If youre a fan of the Star Trek series, you might be familiar with the Replicator. Yes, the food manufacturer in the movie that can create food and dishes down to the molecule. Well, we have our version of the Replicator in a 3D food printer!
Thats right! But were not in a sci-fi movie by the way 3D food printers are for real. Many innovators are introducing food printers that can make pasta, chocolate, sugar, and other favorites. The possibilities of creating your own food are limitless!
But the first results of food printers arent that awesome. The first printed foods come from pasta and sugar. These foods arent good for consumption. But dont worry! Advanced technology has the answer to that FDM printers.
Inspiration And Invention Of The Printing Press
Around the late 1430s, a German man named Johann Gutenberg was quite desperate to find a way to make money. At the time, there was a trend in attaching small mirrors to ones hat or clothes in order to soak up healing powers when visiting holy places or icons. The mirrors themselves were not significant, but Gutenberg quietly noted how lucrative it was to create mass amounts of a cheap product.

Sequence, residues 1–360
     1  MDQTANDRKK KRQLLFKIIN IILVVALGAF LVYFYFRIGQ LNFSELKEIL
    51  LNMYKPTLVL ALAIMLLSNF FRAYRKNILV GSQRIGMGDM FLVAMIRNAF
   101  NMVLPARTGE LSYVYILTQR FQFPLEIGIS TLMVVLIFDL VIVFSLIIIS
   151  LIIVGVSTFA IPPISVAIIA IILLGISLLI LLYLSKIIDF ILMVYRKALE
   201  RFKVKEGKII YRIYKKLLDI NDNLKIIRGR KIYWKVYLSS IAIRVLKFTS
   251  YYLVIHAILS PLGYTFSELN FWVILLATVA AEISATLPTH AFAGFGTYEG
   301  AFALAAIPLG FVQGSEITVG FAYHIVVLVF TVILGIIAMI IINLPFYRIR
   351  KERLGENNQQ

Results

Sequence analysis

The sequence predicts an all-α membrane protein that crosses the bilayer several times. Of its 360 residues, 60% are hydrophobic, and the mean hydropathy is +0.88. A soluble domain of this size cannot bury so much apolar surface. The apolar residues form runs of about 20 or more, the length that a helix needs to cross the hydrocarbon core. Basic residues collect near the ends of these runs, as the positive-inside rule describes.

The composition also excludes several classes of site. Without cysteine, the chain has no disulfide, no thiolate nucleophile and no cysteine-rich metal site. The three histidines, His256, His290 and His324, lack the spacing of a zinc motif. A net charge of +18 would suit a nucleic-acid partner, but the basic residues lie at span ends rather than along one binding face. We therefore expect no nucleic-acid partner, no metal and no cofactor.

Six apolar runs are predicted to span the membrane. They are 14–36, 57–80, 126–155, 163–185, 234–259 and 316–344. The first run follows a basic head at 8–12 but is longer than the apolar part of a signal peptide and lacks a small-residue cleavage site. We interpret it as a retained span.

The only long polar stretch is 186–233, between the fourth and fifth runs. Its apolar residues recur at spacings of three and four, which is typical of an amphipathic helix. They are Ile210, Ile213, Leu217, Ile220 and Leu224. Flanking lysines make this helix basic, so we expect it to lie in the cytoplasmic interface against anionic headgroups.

During the 1300s to 1400s, people had developed a very basic form of printing. It involved letters or images cut on blocks of wood. The block would be dipped in ink and then stamped onto paper.
Gutenberg already had previous experience working at a mint, and he realized that if he could use cut blocks within a machine, he could make the printing process a lot faster. Even better, he would be able to reproduce texts in great numbers.
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The Future Of 3d Printing
We have seen how far 3D printing has come from its initial purpose of rapid prototyping. Now, let us take a look at what might the future be for 3D printing.